I observed that I really got excited about the topic. I had dreams and tinkering about how to put the importance of data modeling across allowing students to understand why data in a relational database typically is scattered all over the place and what the benefits are. As a BI Engineer I wanted to bring in the difference between OLTP and OLAP as well. I even thought about touching on XML and JSON and why these are great but typically not well suited to store in a database (violates first normal form anway as far as I recall from studying). You get the feeling: I soon realized that I am probably overdoing things but don’t managed to restrain myself ;-). Adding tech problems to the mix (next paragraph) I think I actually didn’t deliver a great performance on the part of modeling. I’ll rethink which way would be best to deliver the message I planned to deliver.
Leave some buffer time for issues with tech and family matters
At the session I was struck with tech problems. I had three screens open: One from work being able to access the chat and admit people to the session (thankfully a colleague assisted me with that), another one on a big 4K screen plugged into my personal laptop and the screen of the personal laptop itself. As I am not used to roll like this of course I got trapped in technical issues like the powerpoint presentation opened on the wrong screen, my computer suddenly froze and needed some thinking time probably due to MS Teams whatever and so on.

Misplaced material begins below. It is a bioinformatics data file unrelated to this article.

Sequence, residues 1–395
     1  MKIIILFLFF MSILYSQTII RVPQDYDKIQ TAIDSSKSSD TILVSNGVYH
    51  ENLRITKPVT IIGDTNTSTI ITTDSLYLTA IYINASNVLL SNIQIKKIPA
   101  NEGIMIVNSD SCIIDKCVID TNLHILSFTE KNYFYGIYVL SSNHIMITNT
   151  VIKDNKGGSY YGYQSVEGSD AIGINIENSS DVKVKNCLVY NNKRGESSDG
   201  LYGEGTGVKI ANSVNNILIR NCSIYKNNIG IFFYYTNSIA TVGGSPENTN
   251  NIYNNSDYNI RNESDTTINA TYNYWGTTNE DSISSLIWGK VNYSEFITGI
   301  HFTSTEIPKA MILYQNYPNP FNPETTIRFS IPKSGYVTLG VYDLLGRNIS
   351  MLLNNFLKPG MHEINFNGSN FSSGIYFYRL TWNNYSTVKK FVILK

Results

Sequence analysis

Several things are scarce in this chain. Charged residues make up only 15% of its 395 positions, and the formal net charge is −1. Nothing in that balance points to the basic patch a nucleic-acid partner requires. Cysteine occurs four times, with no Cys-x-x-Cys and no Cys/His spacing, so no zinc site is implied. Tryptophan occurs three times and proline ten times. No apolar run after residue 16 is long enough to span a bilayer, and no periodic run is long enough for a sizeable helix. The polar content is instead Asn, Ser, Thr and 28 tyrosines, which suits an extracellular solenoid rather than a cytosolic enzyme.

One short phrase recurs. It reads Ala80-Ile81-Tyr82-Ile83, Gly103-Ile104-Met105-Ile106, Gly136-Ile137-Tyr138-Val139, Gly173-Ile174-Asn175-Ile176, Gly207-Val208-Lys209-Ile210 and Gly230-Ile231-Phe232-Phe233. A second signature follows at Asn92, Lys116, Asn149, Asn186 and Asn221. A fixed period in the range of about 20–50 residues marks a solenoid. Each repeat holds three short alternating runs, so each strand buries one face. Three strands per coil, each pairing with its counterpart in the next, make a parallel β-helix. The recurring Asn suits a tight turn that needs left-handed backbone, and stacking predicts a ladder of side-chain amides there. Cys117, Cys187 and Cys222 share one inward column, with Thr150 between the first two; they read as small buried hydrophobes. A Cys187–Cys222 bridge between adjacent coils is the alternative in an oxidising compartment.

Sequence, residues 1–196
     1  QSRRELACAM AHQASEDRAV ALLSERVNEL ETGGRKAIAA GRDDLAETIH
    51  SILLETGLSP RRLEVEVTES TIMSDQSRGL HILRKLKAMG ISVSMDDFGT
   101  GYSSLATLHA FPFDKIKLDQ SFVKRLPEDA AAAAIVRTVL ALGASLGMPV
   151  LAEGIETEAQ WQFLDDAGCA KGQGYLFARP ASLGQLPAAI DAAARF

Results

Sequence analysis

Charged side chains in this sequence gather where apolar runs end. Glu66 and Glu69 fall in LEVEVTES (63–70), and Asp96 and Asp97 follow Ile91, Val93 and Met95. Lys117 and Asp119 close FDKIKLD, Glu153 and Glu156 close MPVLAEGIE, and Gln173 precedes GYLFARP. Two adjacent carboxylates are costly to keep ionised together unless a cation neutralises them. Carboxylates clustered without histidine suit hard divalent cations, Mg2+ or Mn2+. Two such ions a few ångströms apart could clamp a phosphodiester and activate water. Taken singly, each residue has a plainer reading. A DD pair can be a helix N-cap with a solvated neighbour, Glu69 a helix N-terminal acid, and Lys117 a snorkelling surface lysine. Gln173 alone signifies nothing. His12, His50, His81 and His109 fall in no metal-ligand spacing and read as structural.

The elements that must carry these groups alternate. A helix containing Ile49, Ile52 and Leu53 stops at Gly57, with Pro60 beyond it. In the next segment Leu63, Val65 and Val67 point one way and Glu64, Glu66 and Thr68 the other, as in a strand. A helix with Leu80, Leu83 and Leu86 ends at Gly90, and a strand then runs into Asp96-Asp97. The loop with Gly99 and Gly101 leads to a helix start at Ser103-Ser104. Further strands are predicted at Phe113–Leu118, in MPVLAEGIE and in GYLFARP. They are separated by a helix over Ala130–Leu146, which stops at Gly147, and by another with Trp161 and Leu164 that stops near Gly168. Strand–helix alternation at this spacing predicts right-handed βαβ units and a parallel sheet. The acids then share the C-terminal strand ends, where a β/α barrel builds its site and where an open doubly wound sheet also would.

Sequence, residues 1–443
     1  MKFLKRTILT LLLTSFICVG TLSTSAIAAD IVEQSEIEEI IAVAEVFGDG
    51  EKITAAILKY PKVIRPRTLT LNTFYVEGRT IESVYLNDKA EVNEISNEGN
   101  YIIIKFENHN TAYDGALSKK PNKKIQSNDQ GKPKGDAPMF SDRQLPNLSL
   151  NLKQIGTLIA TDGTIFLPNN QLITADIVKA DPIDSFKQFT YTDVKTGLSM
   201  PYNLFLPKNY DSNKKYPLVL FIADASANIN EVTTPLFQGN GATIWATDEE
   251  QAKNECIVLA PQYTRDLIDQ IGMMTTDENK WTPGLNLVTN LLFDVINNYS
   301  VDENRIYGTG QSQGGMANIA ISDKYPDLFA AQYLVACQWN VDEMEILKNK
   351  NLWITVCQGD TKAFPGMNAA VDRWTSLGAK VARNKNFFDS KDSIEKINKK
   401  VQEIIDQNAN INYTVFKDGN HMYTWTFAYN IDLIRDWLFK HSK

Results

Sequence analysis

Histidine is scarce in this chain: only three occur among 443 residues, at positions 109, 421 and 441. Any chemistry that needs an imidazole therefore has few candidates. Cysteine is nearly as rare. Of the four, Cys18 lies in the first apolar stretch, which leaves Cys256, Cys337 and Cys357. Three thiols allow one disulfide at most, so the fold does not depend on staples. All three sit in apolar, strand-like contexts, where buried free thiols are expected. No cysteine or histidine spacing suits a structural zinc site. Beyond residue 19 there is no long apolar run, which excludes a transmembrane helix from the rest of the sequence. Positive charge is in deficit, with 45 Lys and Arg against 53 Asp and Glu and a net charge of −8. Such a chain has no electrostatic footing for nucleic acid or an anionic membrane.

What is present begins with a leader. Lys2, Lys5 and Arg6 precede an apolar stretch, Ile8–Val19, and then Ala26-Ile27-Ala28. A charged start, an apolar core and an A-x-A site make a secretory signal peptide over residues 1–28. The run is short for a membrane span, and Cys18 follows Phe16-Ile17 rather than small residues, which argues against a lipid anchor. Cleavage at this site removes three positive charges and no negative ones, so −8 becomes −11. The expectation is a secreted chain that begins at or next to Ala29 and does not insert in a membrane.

On one hand this makes you appear human that presentations not always go well and alas every speaker can tell stories about it. On the other hand this of course rises your stress level and leaves you dealing with tech rather than focusing on people and being able to look into the camera the whole time.
The bonus on that were family issues: This night my daughter was already too tired and it was difficult to get her to bed and she started crying because of tiny challenges. For me it was crucial to hold her in my arms in that situation and give her reassurance that everything is OK and daddy loves her. However being already short on time for preparation of the session this led to me getting to the session right at the start not like 10 minutes early as I originally planned.